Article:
• Probe 1 – The Story of Slovak (Post)Conceptual art
    12 Dec 2018 − 24 March 2019

    Prague City Gallery / Stone Bell House Curated by: Vlado Beskid and Jakub Král Loans by Kontakt: Ján Mančuška, Julius Koller, Stano Filko, Roman Ondak The exhibition will introduce Czech public into one of the crucial tendencies found in modern and contemporary Slovak art. It will focus on the origination and development of Conceptual and post-Conceptual Art within the horizon of the past fifty years in Slovakia, i.e. from the alternative, unofficial scene of the 1960s to the post-1989 legal artistic platform. The oeuvres of two generations of artists, such as Viktor Frešo, Jozef Jankovič, Anetta Mona Chisa & Lucia Tkáčová, Martin Kochan, Július Koller, Marek Kvetan, Ján Mančuška, Roman Ondák, Boris Ondreička, Monogramista T.D, Rudolf Sikora, Pavla Sceranková, Peter Rónai and Jaro Varga, will serve to present particular forms of Conceptual artistic morphology, as it was shaped by the new aesthetic criteria with their codes, in the context of time. The exhibition, held as a specific contribution to the celebrations of the 100th anniversary of the existence of Czechoslovakia, will go hand in hand with interventions by several Czech artists (Jan Brož, Alice Nikitinová, Vít Soukup, Pavel Sterec, Antonín Střížek, Michaela Thelenová) who will loosely contextualize selected historical, social, economic and world-view facets of our history. Their main subject of interest is the transformations of the internal social paradigm, presented the loss of the utopian outreach of our thinking in connection with the declining big ideologies.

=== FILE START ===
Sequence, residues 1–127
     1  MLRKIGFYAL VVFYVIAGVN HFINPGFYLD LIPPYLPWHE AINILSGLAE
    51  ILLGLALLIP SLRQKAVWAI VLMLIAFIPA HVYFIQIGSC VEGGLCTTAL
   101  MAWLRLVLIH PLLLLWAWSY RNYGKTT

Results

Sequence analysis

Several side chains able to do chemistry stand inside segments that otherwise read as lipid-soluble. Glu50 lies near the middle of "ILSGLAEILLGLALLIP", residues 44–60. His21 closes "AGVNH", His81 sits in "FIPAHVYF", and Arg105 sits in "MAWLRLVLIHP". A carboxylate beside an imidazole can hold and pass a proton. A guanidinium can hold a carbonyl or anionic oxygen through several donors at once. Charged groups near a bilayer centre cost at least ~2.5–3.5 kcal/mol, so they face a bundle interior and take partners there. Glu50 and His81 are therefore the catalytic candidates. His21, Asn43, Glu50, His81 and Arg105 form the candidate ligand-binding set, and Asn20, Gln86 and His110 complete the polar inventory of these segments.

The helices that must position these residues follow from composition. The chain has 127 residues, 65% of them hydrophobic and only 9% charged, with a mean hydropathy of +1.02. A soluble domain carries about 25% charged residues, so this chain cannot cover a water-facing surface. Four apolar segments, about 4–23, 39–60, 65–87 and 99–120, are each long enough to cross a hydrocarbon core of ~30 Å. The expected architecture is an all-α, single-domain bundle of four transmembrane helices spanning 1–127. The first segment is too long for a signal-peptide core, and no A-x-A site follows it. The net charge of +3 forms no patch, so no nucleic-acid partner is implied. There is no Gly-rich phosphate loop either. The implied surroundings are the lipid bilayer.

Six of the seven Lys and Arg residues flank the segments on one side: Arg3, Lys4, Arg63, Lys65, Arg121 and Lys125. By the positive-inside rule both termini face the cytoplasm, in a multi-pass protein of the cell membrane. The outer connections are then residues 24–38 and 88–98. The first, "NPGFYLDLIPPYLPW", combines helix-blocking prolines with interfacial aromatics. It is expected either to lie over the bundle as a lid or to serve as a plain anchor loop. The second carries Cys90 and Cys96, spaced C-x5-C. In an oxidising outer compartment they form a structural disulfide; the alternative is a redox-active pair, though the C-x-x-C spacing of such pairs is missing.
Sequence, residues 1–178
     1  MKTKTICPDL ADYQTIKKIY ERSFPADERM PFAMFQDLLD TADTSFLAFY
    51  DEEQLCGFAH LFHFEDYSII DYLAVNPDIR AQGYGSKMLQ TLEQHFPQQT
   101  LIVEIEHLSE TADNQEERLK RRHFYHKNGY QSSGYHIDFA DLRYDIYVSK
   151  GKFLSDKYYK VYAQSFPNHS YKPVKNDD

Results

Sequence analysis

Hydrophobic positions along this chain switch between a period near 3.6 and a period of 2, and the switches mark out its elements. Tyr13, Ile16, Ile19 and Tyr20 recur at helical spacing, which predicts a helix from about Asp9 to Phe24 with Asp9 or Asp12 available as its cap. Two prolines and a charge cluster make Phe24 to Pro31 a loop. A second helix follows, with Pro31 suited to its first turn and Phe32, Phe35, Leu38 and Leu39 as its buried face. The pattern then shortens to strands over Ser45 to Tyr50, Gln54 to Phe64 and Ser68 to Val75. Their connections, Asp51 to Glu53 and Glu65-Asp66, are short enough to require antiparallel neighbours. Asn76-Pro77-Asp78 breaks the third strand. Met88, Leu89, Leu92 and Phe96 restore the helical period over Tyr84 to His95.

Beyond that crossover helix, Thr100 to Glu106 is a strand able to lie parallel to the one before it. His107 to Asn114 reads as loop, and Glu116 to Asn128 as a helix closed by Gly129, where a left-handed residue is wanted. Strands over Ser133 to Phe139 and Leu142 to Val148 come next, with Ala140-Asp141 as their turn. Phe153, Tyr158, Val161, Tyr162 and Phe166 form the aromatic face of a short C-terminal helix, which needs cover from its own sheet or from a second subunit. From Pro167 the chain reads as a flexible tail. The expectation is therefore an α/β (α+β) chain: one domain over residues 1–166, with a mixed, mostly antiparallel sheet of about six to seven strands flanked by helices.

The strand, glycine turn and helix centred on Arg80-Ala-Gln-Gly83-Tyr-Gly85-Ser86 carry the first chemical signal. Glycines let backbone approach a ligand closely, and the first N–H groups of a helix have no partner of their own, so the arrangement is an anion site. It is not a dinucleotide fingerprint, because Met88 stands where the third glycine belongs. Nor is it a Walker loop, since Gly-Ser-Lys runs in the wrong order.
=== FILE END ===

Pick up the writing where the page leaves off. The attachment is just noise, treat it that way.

Edward Krasiński
Edward Krasiński's first works, created in the 1950s, were illustrations for magazines and surreal erotic drawings. His later sculptures were “flawed” by the use of color; found objects were combined with common, sometimes fragile materials such as rubber, wire and string. Krasiński then worked as a sculptor, painter and creator of artistic installations and happenings. His suspended sculptures often appear to defy gravity in their combination of invisible wires, visual puns and trickery. In the late 1960s blue scotch tape became Krasiński’s medium and trademark material. Since then the artist has used the blue stripe in his “axonometric drawings” and “interventions” from the 1970s and 1980s, as well as in numerous site-specific installations in museums. His practice made Krasiński one of the most important Eastern European artists of the second half of the 20th century.

1925, Łuzk / PL, at that time UA – 2004, Warszawa / PL


Please follow this link for a selected bibliography available at the ERSTE Foundation Library
© Hanna Ptaszkowska and archive of Museum of Modern Art Warsaw, Photo: Eustachy Kossakowski
Browse All